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Let’s make a deal – Ofcom’s four proposals for regulating junkfood ads on U.K. airwaves

Option 1: No HFSS product advertising to be aired during programs made for children (including preschool aged) or programs 'of particular appeal' to kids up to nine years old; no sponsorship tie ins of HFSS products to programs affected by this ban; and U.K. advertising industry association, the British Committee of Advertising Practice (BCAP), will expand its self-regulating rules to include food and drink advertising and sponsorship.
September 1, 2006

Option 1: No HFSS product advertising to be aired during programs made for children (including preschool aged) or programs ‘of particular appeal’ to kids up to nine years old; no sponsorship tie ins of HFSS products to programs affected by this ban; and U.K. advertising industry association, the British Committee of Advertising Practice (BCAP), will expand its self-regulating rules to include food and drink advertising and sponsorship.

Bottom line: A 39% drop in exposure of all children to HFSS product advertising; broadcaster annual revenues will fall by approximately US$34 million overall.

Option 2: No food or drink adverts of any kind to be shown during either children’s programs or programs appealing to kids up to nine years old; no sponsorship tie-ins of any food affected by the ban, but government-endorsed healthy eating campaigns would be permitted; the same BCAP rules as outlined in Option 1 would be in effect.

Bottom line: A 37% drop in kids’ views of food and drink advertising; a drop in broadcaster revenues of roughly US$39.8 million annually.

Option 3: A total ban on food or drink ads for programs targeted at preschool aged children; several volume-based controls over food-and-drink advertising and sponsorships that would effectively mean a total ban on such ads before the 9 p.m. watershed – 30 seconds per hour (weekdays: 6 a.m. to 9 a.m. and 3 p.m. to 6 p.m.; weekends: 6 a.m. to 1 p.m.); 60 seconds per hour (6 p.m. to 8 p.m.; weekends: 1 p.m. to 8 p.m.). Children’s specialty channels would be limited to 30 seconds per hour all broadcast day; the same BCAP rules in Option 1 would apply.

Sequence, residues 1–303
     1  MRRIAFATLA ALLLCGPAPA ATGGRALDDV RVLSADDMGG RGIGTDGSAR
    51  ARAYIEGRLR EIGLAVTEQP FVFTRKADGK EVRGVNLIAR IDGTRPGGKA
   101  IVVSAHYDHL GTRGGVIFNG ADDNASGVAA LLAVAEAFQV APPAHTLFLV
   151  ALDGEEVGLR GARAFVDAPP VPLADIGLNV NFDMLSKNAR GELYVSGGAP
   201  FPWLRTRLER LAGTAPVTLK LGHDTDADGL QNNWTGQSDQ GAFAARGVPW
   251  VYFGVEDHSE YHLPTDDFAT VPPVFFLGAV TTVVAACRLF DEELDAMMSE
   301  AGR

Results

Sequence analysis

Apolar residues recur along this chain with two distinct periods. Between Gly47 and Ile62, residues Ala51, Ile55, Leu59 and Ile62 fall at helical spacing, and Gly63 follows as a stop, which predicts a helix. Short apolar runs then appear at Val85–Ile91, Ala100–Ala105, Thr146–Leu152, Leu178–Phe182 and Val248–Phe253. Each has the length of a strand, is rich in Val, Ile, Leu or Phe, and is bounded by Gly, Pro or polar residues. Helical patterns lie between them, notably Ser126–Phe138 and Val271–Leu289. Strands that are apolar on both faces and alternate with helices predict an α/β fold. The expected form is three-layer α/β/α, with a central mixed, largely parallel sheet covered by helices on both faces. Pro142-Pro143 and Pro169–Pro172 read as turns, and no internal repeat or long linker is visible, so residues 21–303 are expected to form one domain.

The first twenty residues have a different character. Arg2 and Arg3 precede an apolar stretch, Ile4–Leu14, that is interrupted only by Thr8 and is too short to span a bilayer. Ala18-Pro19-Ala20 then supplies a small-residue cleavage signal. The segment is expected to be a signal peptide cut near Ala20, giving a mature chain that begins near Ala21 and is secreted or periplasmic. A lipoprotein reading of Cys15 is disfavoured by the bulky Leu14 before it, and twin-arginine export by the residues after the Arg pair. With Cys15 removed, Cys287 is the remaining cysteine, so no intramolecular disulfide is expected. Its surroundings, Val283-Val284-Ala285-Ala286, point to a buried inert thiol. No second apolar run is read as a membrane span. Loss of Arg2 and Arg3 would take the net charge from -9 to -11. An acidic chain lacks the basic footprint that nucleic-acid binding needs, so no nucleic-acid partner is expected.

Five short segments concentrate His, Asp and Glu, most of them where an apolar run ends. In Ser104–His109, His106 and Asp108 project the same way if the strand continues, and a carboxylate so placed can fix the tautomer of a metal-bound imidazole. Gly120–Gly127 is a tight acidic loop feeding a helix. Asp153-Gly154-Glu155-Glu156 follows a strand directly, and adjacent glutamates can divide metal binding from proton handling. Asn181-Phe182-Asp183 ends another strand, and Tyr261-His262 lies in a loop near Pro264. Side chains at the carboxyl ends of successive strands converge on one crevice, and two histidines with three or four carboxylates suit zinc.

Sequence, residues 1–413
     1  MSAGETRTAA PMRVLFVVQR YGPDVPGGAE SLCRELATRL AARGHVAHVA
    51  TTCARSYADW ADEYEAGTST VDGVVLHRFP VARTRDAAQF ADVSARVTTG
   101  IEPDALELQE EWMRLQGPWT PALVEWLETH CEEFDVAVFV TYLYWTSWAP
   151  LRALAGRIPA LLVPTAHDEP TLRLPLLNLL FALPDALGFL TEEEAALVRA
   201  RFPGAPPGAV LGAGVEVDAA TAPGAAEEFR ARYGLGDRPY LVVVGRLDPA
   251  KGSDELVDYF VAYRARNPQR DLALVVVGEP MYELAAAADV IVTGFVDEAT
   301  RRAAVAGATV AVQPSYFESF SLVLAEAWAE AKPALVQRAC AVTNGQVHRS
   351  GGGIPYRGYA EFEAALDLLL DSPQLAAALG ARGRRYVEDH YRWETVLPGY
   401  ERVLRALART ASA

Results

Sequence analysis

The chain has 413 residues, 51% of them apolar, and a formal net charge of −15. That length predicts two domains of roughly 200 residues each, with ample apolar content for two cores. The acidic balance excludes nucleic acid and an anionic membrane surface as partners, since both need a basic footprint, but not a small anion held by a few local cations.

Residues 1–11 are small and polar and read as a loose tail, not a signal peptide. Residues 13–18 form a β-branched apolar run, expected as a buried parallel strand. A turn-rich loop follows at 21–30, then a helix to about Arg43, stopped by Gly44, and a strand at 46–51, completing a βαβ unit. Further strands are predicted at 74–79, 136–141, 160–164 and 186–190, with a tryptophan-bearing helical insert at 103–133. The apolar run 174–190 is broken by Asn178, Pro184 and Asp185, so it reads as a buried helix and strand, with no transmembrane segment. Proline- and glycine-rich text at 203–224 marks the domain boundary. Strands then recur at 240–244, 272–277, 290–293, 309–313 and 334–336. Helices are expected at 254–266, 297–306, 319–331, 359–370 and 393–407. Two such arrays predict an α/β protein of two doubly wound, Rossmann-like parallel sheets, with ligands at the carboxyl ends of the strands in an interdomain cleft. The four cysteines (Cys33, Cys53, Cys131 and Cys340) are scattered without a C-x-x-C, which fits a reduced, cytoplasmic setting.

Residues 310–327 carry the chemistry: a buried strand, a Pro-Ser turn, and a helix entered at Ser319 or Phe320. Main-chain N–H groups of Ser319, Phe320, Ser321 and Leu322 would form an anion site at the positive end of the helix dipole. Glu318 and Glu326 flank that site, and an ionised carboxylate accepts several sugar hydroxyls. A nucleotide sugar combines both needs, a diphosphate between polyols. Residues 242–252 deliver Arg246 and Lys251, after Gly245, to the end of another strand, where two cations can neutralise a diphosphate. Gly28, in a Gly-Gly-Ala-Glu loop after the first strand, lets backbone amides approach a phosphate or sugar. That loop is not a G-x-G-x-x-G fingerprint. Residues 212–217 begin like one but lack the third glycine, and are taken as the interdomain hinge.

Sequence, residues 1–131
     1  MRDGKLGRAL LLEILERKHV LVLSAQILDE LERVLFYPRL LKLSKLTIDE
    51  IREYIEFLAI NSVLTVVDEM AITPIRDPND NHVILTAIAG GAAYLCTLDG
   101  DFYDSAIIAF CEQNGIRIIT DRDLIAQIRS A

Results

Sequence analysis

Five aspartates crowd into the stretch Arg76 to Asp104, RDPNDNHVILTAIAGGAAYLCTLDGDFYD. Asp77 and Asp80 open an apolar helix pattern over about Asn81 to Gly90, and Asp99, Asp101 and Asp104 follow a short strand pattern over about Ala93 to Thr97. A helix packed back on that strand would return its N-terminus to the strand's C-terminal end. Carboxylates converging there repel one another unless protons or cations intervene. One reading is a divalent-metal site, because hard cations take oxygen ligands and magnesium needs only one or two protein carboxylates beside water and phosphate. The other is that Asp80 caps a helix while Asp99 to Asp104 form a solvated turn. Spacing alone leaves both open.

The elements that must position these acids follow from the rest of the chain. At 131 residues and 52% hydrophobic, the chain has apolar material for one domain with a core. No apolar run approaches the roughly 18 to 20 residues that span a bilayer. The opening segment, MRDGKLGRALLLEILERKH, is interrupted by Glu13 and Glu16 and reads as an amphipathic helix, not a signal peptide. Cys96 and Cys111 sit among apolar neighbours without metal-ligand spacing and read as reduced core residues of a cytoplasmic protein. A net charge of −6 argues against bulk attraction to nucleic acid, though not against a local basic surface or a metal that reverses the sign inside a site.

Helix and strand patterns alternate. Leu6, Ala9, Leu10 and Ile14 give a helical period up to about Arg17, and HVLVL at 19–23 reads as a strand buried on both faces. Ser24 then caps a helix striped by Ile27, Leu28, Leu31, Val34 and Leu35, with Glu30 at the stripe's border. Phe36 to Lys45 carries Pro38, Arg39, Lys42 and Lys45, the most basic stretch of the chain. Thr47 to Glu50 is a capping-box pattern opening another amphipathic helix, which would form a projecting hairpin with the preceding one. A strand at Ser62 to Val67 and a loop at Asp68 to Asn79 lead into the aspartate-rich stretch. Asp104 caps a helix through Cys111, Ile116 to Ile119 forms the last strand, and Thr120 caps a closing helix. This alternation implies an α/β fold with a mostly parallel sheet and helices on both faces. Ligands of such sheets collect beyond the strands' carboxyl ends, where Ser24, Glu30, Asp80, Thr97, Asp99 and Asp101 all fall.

Bottom line: A 37% fall in ad views; broadcasters yearly revenues will fall by approximately US$81 million.

Option 4: An industry-determined regime, supplied to Ofcom during a consultation period that ended in June. The goal of this ‘as yet undefined package’ is that it must have ‘broad support’ of stakeholders ‘which we believe would meet the regulatory objectives.’

Bottom line: For obvious reasons, unknown. MS

Source: Ofcom report Television Advertising of Food and Drink to Children: Options for new restrictions (An update published June 8, 2006 to the consultation document first released March 28, 2006).

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